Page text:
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Turning Nagaland’s plastic waste into durable roads

By Henlly Phom Updated: Apr 29, 2018 11:52 pm
Plastic waste collected from Doyang area in Wokha.

S. Henlly Phom
Dimapur, April 29 (EMN): The use of plastic has become a primary feature of our lives today but it carries with it disadvantages if we are not responsible with the use of plastic. A government order in November 2015 made it mandatory for all road developers in the country to use plastic waste along with bituminous mixes for road construction to help overcome the growing problem of plastic waste disposal in India.
The idea for plastic road was developed by Professor Rajagopalan Vasudevan, Professor of Chemistry at Thiagarajar College of Engineering, Madurai in 2002 who came to be known as the ‘Plastic Man’ of India. The environmentally friendly approach of plastic road was first experimented by the Nagaland Pollution Control Board (NPCB) in 2009 in Dimapur at its office premises.

The plastic road project finally took the plunge and was activated by the team: Living for Environment (LiFE), an organisation started on December 22, 2017 by like-minded youth who want to protect, conserve and preserve the environment with the endeavour to act and create awareness before it’s too late, considering the growing problems of plastic litter in the state and poor road condition.

LiFE’s first plastic road project was executed on said day when the team managed to blacktop a portion of DMC office compound. And it was on this day, the Dimapur Municipal Council (DMC) administrator Moa Sangtam announced “whenever DMC constructs road we will use plastic waste.” The project was taken up with the assistance of DMC and NPCB.

Makennaro Aier, the secretary of the organisation LiFE, in a conversation with Eastern Mirror said the team launched the project ‘as in our everyday lives we deal with waste, especially plastic waste and the team were trying to look for solution, and not problem with plastic waste’.

“The concept of plastic roads was first introduced in India in 2002 by professor Vasudevan which was then borrowed by other countries as well and we got in touch with him for more details for our project”, said Aier. Also she maintained that Nagaland is the first state in Northeast to embrace the use of plastic waste for road construction.

Earlier this year, LiFE undertook the ‘Clean Doyang Project’ which was not fruitful. The team acknowledged that they were not prepared to be received by loads of waste accumulated over the years at Doyang and in view of that they took just one truck along with them which was not enough to carry the waste.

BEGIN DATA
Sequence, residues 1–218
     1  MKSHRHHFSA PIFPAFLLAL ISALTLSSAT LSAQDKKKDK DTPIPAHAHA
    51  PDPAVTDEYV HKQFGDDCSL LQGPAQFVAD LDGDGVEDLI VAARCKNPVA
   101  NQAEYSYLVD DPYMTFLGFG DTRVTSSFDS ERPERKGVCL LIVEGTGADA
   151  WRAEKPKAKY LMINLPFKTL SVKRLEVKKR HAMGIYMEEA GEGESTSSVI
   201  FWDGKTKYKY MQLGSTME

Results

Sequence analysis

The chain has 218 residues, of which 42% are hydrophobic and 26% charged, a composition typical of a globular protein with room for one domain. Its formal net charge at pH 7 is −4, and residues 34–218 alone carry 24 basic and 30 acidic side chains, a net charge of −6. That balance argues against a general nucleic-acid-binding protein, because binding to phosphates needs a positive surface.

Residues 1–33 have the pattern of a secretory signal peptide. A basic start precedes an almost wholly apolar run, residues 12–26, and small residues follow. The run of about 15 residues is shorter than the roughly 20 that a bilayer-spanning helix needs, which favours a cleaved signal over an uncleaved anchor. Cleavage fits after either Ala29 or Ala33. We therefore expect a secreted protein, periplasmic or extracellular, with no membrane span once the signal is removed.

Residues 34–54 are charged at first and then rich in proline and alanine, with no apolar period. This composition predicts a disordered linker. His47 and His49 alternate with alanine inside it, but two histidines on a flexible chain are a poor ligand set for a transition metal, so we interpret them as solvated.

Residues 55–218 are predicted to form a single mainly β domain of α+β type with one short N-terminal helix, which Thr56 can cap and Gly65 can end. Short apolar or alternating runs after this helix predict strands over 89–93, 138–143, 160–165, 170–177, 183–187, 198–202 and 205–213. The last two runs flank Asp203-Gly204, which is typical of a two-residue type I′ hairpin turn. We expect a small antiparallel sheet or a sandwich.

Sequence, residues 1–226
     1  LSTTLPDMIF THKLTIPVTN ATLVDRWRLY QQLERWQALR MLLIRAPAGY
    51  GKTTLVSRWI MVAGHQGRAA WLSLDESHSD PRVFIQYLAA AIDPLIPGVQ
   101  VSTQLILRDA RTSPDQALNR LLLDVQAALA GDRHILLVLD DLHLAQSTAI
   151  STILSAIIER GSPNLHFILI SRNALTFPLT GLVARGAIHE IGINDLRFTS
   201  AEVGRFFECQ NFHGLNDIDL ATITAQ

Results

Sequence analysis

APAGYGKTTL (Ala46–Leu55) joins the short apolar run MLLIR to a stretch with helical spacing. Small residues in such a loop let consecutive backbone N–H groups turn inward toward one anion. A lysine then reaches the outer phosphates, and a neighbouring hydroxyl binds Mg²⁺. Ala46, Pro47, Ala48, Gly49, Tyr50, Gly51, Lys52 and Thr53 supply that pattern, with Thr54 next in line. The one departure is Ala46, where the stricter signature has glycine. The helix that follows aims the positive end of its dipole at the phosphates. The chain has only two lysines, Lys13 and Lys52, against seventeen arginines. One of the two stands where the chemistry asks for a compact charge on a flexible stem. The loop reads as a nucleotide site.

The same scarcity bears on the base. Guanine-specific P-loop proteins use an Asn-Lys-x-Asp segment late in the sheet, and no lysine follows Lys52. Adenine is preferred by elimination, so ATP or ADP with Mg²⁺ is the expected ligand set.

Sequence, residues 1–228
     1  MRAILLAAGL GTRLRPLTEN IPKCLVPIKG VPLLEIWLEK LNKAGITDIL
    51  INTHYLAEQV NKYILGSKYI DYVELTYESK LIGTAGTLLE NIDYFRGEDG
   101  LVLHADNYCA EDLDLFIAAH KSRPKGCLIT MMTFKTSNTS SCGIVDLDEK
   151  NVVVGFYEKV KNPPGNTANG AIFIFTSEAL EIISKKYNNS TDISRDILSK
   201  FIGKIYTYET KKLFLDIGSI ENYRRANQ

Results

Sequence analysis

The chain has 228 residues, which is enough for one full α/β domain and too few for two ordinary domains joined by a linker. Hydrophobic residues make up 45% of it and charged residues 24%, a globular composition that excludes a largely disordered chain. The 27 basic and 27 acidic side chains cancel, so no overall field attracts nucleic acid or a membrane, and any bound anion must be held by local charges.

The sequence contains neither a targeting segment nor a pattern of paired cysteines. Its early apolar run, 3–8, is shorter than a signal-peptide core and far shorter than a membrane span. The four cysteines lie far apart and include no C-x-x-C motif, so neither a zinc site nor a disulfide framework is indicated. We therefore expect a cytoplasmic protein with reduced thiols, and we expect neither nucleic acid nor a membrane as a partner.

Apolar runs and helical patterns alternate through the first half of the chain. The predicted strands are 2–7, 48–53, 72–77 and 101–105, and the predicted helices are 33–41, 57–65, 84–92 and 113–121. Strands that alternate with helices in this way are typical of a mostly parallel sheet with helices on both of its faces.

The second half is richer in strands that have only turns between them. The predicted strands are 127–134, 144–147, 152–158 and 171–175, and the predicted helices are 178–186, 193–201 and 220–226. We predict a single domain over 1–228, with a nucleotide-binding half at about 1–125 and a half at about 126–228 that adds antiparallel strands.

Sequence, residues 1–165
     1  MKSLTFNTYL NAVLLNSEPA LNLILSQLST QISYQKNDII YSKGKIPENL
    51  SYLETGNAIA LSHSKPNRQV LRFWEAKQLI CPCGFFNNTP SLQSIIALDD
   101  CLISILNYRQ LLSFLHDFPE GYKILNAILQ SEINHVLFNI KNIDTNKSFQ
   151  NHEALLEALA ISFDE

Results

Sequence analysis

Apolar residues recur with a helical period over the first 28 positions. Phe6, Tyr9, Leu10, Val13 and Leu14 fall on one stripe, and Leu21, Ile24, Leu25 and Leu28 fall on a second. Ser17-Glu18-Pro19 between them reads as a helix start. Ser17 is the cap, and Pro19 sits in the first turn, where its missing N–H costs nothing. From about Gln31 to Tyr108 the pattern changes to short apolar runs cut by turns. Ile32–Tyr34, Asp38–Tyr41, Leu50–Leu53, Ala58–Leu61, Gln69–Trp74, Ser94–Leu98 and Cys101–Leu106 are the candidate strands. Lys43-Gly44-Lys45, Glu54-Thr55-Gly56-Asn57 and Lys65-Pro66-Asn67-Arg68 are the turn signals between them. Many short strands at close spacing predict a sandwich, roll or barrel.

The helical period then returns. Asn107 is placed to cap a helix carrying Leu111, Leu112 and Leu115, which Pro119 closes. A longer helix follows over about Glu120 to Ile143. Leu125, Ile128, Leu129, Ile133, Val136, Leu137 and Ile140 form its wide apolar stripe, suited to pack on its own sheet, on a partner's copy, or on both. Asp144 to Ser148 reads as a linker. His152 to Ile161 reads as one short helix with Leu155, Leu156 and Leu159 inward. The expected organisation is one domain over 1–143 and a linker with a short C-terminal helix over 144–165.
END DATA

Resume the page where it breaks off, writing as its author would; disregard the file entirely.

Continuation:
Dissatisfied with the result, Aier opined that to make Doyang clean the project needs to be one where the civil society, authorities, and the locals come together and join the service. She acknowledged that the team during their trip at Doyang missed out on disseminating awareness and prior information beforehand. “We need to come together to preserve and protect our natural heritage,” Aier shared.

“Making use of plastic is not only cost-effective and all-weather durable but it is a brilliant way of disposing our plastic waste which is hazardous to our environment. Everyone is talking about Swachh Bharat but people have no idea what to do with the plastic waste which is also polluting the environment,” she pointed out. Also, she observed that most of the wastages come from households and public gatherings but waste management and segregation are not being practised at home.

LiFE team suggested if the public can collect or segregate plastic waste and contact them it will be assistance to the team for their project and a win-win situation for all.

Another concern they face in their project is the non-availability of mini hot-mix plant which produces homogeneous mix of hot aggregate and molten bitumen in batches at equal intervals. “The ideal required temperature is 160-170 which can be achieved only with the mini hot-mix plant. However we are managing with firewood which is not convenient,” lamented Aier.

The first plastic road in public area after DMC office was completed at Duncan Basti in Dimapur measuring an area of 150×30 ft. This project was undertaken with assistance from DMC and proprietor of Vipe Enterprise, Among Imkong. Another was in Mokokchung district measuring 70×12 ft which was sponsored by an unnamed individual and supervised by PWD (National Highways) Mokokchung division.

LiFE is engaged at another plastic road project at Padampukuri in Dimapur and they plans to introduce the project in Kohima as well as other districts as part of their endeavour to push the idea of plastic roads and transform Nagaland into a plastic-free state while providing good roads at the same time.

The team hopes that the government as well as contractors implement the idea of plastic roads.

By Henlly Phom Updated: Apr 29, 2018 11:52:10 pm